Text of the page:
Play Handball Volunteer Programme extends to Kenya. Volunteers go abroad, gain valuable intercultural experiences and help at the same time with handball in another country. After having facilitated workshops and the first Super Cup in Kenya last year, Play Handball is happy to welcome the first German Volunteers in Kenya from September 2019.

Play Handball has been supporting handball for development activities since 2017 in the East African Country. The organisation uses Handball as a tool to create learning experiences for the youth around important socio-political topics such as environmental awareness. In October 2018 the flagship project – the PLAY HANDBALL Super Cup – was replicated in Kenya, making it the first country outside South Africa to host such an event.

“We are so happy that we were able to strengthen our relationship with Youth Abroad in Kiel and finally manage to send volunteers to Kenya to support our partner projects in our country,” says George Nange (Country Manager of Play Handball in Kenya), expressing his delight at the extension of the Play Handball Volunteer Programme to Kenya.

Sebastian Hirdes in Kenya from September

And it is well received. “We’ve got more requests than we thought,” says Cathrin Hirsch, Volunteer Coordinator for Youth Abroad, who takes care of the placement of volunteers between the ages of 18 and 28. Sebastian Hirdes is currently preparing for his assignment. The 18-year-old from Heikendorf, in Germany, is one of three pioneers who will start their voluntary services in Kenya at the beginning of September. He has just graduated from high school, but has no concrete idea as to his future profession.

“In any case, something with people. When he heard about handball volunteering at school, he was immediately on fire. “That was exactly what I wanted to do,” says the handball fan, who has played football himself so far. So the learning continues for him even after his A-levels. Now he reads books with basic handball exercises to prepare for his task in Kenya. “I’m not here to go on holiday, I really want to do something,” he says.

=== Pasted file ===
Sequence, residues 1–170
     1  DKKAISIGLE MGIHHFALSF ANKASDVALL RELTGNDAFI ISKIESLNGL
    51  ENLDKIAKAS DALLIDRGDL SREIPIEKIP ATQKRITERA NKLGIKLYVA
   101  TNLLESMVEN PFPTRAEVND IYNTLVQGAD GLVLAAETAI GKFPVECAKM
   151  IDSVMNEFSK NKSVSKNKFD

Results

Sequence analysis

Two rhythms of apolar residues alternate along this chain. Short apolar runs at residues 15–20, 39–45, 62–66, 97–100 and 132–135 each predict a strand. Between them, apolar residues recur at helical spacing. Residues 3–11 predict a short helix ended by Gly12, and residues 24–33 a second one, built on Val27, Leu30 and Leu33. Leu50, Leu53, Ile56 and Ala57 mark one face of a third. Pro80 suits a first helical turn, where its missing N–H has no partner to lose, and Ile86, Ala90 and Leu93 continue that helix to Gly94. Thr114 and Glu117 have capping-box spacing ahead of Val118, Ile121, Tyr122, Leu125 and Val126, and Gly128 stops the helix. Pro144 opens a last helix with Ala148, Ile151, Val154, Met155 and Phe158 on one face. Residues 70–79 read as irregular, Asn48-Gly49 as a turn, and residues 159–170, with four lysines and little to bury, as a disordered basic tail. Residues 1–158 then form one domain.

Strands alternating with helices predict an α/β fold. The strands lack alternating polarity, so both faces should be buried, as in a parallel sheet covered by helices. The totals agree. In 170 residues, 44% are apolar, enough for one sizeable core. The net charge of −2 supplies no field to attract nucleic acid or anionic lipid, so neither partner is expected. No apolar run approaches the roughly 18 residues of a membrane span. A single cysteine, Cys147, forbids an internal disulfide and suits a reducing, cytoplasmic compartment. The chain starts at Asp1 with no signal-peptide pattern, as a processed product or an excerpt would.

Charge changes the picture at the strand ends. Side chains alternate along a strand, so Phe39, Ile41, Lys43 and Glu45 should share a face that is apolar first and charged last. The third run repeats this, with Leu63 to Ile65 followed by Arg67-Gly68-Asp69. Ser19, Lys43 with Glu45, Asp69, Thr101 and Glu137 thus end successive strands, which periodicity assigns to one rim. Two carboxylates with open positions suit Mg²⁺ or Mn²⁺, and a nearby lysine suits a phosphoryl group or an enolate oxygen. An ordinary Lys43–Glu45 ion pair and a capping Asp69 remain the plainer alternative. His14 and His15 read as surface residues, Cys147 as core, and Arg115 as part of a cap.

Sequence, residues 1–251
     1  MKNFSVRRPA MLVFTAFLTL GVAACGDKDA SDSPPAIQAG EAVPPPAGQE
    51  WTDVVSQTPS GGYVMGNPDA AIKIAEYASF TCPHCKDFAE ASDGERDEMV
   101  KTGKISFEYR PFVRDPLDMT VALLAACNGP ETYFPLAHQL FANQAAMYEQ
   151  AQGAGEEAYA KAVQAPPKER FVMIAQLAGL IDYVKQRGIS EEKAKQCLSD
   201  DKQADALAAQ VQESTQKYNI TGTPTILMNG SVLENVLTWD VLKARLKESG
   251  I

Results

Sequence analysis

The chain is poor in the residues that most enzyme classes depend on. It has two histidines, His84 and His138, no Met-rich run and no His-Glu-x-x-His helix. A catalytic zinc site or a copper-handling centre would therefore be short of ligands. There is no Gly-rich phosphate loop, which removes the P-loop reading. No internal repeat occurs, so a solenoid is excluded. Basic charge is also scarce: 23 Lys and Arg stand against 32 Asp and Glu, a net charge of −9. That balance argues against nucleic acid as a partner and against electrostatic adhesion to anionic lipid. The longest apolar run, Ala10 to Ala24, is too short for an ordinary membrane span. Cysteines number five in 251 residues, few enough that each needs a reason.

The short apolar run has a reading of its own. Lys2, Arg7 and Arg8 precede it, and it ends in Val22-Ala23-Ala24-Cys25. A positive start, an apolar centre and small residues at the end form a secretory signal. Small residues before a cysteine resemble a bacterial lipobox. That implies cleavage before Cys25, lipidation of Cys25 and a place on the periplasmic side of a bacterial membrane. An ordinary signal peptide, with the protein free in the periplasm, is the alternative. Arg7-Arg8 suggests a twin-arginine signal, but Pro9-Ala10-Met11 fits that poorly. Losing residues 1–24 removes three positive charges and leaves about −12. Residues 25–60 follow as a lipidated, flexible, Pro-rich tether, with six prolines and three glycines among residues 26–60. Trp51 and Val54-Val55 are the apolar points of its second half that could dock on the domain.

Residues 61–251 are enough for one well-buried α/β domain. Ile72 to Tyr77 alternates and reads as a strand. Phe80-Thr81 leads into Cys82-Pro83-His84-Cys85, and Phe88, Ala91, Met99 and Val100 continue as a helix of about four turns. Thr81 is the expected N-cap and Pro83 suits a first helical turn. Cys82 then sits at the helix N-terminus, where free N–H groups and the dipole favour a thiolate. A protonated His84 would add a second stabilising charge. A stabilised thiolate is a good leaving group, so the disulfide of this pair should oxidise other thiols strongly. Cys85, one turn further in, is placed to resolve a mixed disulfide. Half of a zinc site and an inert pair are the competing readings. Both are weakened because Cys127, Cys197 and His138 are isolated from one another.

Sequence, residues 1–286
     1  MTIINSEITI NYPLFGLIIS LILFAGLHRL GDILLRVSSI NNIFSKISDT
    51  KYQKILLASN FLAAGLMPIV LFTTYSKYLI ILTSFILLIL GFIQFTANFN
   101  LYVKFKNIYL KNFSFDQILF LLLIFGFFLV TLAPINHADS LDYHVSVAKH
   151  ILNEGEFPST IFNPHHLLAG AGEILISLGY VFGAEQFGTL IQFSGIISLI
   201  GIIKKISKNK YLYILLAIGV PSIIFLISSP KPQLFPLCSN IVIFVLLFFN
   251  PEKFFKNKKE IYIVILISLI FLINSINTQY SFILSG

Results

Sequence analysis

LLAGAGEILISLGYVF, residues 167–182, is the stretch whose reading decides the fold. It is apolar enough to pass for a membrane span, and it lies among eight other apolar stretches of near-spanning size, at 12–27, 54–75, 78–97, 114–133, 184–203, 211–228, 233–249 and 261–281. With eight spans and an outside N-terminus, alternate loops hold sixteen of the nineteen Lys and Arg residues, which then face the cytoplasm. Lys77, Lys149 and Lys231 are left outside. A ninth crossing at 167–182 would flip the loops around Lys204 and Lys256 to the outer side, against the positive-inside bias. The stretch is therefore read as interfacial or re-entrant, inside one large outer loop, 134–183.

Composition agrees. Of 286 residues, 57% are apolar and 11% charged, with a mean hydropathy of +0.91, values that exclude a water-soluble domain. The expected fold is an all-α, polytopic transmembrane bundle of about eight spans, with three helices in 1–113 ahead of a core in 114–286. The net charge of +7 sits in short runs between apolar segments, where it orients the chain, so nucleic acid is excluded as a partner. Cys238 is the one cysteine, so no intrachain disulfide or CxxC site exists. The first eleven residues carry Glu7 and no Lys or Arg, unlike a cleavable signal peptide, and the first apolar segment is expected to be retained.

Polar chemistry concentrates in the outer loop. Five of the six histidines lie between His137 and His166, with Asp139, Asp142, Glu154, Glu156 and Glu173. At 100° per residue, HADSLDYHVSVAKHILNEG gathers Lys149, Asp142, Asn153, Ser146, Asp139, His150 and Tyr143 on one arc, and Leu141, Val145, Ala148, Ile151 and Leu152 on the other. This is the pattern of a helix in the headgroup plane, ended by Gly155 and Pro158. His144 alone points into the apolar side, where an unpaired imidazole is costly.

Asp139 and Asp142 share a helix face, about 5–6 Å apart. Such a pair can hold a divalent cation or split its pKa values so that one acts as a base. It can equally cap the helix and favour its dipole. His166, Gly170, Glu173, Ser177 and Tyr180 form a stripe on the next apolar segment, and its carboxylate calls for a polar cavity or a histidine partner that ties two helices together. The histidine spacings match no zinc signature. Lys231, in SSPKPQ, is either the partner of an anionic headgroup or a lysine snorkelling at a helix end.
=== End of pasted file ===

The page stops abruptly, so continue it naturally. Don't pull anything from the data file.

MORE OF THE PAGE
Although handball is not unknown in East African Kenya, it is often linked to companies as a sport. “In disadvantaged areas and especially for children, access is difficult,” says Nicola Scholl. That’s why she’s also interested in keeping handball as uncomplicated as possible. “We minimize the rules to a few rules like the circle you can’t step into and the three steps,” she explains.

“Zero waste tournaments” for more sustainability

Play Handball supports local partner organisations in disadvantaged areas through trainer workshops and the development of sporting activities. The volunteers train girls and boys in school sports and in the afternoon area. “The parents often lack the financial means or motivation to support their children,” says Scholl.

In order to bring children of all skin colours and genders together, they and their helpers regularly organise tournaments in which the teams compete against each other not only in handball. At the same time, the organizers use the opportunity to raise awareness of issues such as sustainability. The “Zero Waste Tournaments” are about recycling and waste avoidance. “Many topics can be easily transported through sport,” says Scholl, who is also praised for her commitment by DHB President Andreas Michelmann. “This project is outstanding,” he says.

How Nicola Scholl started Play Handball to promote handball in Africa

Nicola Scholl has set herself the task of promoting handball in Africa. With the “Play Handball” initiative, she not only wants to introduce children and young people to the sport, but also focuses on equality and sustainability.

The idea of the woman from Oldenburg is exactly ten years old. As an intern, the 37-year-old worked on a sports development project in South Africa. “The sporting structures have a positive influence on the communities and the personal development of the children and young people there,” says the former second league handball player (SC Greven), who also played for VfL Oldenburg and Borussia Dortmund.

In South Africa, football is considered a sport for black boys, girls usually play netball or hockey, white boys play rugby. Boundaries that Scholl would like to break down. From this experience and the fact that handball is hardly known in the country, the idea of “Play Handball” grew upon her return to Germany.

In 2012 Nicola Scholl was back in South Africa and started to build up the handball volunteer service. For four years now, German young people have been regularly coming to South Africa via the “Weltwärts” programme of the Federal Ministry for Economic Cooperation and Development (BMZ) in order to learn the language and culture and in return to help as handball coaches.

Source: Kieler Nachrichten, Merle Schaak, 04.07.2019,;

Translated by Play Handball Office South Africa

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